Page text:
From Michael San Filippo,
Your Guide to Italian Language.
The Big Exception
Most of our lives, we are blissfully unaware of the complex computations going on in our brains which form our speech. The only times we do tend to notice such processes are when we stumble across exceptions to grammatical rules which make no sense to us. Though it may not look it, the letter s in Italian presents exceptions to many phonological rules which govern the formation of syllables in Italian.
In order to understand how s is an exception, we must first understand the rules themselves. A syllable, though difficult to define sometimes because of its elusive confines, is an essential phonological unit which must contain at least one syllabic element called a nucleus.
The nucleus is almost always a vowel, but may also be a consonant in some languages. For example, in the English word bottle, the nucleus of the second syllable is the letter l. Italian, on the other hand, only permits a vowel as a nucleus. As a result, s only exerts its influence over guidelines which control the letters surrounding the nucleus.
The first rule controls the onset of a syllable. Any consonant may be an onset in Italian as long as it is by itself. The words ma-le, ga-bo-la, and ga-ro-fa-no all contain syllables which begin with one consonant. For a syllable to begin with two consonants—bra-vo, a-tle-ta, gli-ci-ne—the second consonant must be a liquid (those sounds which are regarded as not vowels yet quite not normal consonants; typically l and r are considered liquids). The exception to this rule is the letter s. As long as s is the first consonant, almost any other consonant may follow: stan-co, sba-glio, sfat-to.
The second guideline also relates to the onset of a syllable and is very simple: a syllable may not begin with more than two consonants. Ever. S, however, is exempt from such a decree. There are many words in Italian which begin with three consonants but only when s is the first, for instance stra-no, sfrat-tare, and splen-dere.
A third rule governing syllables controls the tail. A syllable may end with the nucleus, or vowel. When this is the case—as in ma-le—it is called an open syllable; when a consonant closes the syllable—stan-co, for example—it is termed closed. According to this principle, closed syllables may only end in a sonorant consonant (that is one that may be produced continuously; in Italian, these are the letters l, r, n, m and the sound gn- of gnocchi produces). The sole circumstance in which a non-sonorant consonant may end a syllable is when that consonant is also the beginning of the next syllable, for instance in the words leg-go, fat-to, and av-vi-so. S, of course, is not subject to this rule and may close a syllable in words such as la-pis.
The final—and possibly most interesting—rule which s thumbs its nose at is syntactic doubling. Syntactic doubling is the phenomenon which Italian employs in order to avoid an unpalatable formation at the end of certain words such as unstressed monosyllabic words like the word a in the phrase Andiamo a casa. Say that phrase aloud. Note the length of the c in casa. Typically, this is not a written change and we only hear the elongation of the c. However, there are a few cases where syntactic doubling is graphically visible as in the word chissà which combines the words chi and sà.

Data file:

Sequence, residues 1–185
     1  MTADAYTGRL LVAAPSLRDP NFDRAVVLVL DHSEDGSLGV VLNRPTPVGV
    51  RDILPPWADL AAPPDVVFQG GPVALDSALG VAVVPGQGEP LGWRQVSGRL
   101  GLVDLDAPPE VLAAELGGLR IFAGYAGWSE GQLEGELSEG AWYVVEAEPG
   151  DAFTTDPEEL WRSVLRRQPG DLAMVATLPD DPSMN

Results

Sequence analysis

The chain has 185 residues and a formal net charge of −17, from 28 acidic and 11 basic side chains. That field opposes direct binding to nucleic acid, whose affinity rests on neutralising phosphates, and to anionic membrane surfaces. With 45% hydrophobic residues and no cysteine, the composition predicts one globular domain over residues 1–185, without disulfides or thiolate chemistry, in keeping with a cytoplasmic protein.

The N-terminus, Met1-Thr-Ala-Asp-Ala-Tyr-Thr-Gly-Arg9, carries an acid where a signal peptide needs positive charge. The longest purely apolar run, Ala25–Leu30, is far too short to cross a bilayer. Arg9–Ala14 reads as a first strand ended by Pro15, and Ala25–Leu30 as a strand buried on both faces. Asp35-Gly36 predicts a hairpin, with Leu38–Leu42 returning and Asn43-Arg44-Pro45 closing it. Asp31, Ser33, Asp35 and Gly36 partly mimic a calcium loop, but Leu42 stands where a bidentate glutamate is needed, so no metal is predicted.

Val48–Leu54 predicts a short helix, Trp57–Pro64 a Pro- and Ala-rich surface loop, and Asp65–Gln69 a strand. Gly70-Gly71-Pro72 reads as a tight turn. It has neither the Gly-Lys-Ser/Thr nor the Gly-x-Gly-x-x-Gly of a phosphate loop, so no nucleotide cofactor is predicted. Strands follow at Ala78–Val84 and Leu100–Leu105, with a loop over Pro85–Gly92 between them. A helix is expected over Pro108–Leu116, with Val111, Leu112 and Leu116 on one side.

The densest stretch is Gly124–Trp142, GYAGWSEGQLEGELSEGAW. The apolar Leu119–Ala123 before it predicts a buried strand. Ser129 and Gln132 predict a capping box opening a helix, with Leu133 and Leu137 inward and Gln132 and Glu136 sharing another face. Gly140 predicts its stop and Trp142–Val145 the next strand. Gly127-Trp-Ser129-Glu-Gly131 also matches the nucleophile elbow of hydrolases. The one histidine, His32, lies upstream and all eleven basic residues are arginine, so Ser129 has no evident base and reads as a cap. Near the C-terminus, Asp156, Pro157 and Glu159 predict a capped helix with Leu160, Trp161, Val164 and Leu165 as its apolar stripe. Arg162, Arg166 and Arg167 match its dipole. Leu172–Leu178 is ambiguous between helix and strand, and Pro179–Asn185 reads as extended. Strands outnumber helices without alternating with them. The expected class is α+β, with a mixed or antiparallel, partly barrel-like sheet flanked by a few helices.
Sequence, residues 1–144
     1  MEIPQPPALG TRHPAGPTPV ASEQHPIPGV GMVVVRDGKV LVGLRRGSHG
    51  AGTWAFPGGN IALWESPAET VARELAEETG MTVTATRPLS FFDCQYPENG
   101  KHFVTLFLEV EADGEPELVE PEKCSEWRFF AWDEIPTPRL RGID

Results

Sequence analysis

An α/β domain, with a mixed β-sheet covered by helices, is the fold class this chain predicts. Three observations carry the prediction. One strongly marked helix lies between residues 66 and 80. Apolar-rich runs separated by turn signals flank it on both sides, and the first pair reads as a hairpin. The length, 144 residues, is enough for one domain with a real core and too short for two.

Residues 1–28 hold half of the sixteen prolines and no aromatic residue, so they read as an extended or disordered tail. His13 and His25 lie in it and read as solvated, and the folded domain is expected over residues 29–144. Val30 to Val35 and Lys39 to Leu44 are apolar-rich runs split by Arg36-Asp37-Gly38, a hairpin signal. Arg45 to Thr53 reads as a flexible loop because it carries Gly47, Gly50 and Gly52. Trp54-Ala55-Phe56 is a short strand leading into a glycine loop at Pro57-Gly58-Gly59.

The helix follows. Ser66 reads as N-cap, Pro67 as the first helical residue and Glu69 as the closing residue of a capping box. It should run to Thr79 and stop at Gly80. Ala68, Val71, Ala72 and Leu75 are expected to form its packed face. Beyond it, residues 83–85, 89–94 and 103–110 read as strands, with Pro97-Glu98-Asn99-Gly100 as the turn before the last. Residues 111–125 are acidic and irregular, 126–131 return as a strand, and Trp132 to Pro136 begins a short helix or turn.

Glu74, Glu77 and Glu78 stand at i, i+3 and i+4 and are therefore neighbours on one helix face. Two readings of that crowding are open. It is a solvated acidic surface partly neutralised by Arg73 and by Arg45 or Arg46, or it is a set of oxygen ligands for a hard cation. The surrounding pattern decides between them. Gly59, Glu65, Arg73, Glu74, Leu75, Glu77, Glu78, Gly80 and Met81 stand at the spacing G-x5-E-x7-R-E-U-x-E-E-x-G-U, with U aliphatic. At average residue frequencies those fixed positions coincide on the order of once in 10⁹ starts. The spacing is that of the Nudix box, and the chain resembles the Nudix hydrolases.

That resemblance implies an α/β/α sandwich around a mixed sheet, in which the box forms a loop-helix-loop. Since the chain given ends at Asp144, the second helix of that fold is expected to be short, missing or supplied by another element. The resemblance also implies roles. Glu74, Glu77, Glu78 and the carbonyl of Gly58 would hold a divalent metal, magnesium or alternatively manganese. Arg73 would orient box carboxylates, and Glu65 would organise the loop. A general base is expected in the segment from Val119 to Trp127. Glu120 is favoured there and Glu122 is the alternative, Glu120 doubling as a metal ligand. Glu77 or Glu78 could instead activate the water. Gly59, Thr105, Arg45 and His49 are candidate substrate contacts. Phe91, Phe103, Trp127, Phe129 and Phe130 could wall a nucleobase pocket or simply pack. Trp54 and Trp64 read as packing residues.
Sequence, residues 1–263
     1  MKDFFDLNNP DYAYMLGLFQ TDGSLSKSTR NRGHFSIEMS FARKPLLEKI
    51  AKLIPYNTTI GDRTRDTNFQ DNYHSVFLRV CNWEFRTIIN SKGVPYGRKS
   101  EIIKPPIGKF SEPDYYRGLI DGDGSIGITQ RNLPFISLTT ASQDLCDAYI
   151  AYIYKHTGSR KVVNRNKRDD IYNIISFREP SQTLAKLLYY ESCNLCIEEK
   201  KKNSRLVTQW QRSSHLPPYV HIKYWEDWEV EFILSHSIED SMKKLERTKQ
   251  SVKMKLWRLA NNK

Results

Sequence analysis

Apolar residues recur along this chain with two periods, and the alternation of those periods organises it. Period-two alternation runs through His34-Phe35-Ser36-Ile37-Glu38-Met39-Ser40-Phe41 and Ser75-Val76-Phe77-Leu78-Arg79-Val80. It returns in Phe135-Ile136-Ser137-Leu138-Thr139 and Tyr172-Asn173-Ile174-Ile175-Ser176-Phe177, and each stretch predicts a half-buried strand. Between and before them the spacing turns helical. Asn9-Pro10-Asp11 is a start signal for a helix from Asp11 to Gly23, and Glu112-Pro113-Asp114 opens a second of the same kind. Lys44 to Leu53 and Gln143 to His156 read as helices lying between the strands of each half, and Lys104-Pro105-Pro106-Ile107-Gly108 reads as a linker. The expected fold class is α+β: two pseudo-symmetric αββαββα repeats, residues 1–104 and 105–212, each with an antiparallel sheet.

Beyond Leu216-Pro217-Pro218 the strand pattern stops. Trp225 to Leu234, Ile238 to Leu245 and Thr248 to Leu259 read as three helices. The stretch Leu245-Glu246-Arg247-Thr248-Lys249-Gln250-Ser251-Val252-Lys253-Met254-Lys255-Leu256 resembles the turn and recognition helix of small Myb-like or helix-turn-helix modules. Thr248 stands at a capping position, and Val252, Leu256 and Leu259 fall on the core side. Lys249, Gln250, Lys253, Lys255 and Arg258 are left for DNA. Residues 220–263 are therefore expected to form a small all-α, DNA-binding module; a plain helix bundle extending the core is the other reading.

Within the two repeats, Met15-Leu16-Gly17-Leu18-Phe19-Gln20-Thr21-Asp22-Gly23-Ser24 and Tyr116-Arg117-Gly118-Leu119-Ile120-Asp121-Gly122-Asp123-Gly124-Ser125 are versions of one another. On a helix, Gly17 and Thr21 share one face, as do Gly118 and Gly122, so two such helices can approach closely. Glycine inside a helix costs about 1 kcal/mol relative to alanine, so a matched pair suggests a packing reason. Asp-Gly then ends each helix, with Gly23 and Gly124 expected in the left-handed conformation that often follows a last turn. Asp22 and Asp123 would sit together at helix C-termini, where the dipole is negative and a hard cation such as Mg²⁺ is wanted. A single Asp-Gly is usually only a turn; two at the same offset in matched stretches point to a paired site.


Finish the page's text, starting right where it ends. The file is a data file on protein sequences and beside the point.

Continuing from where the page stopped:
S almost never exhibits signs of syntactic doubling unless a new word is formed (as in chissà). Say these phrases out loud and note the length of the s in each: Ha scritto molto, È strano, and Avrà sbagliato. It is not lengthened. Instead of doubling, there is a restructuring of the syllables, dividing each as follows: has-crit-to mol-to, ès-tra-no and av-ràs-ba-glia-to. There is no need to elongate the consonant given that the s is already available in the following word, so to speak. Instead, the s passes to the tail of the syllable to its left without modifying anything else.
What is most interesting about this rule is that it answers the question, "Why do we say il libro and un foglio but lo studente and uno straniero?" Normally, articles, some prepositions and a few other specific words such as quello, bello and buono drop the final o when followed by a noun: un albero, dell'uomo, il bell'usignolo, al mare, quell monte. Words that begin with s followed by a consonant block this cancellation of o, as do words that begin with one of a few other consonants (such as gn, sci or sce, gli, and z). The accessible o lends itself to the passage of s from the beginning of the noun to the word which precedes it, as in the case of uno straniero which breaks down into syllables as follows: u-nos-tra-nie-ro.
While some of these irregularities posed by the letter s serve to clarify mysteries previously unexplained (such as why the article il changes to lo before words beginning with s and a consonant), others only pose more questions. Why do some syllables end with an s in Italian when that formation appears to violate strict phonological rules? Whatever the reason, it is fascinating to think that we never consciously noticed such a striking anomaly. Our minds factored the variable into the computations of speech and continued on without flinching.
About the Author: Britten Milliman is a native of Rockland County, New York, whose interest in foreign languages began at age three, when her cousin introduced her to Spanish. Her interest in linguistics and languages from around the globe runs deep but Italian and the people who speak it hold a special place in her heart.
'S' in Italian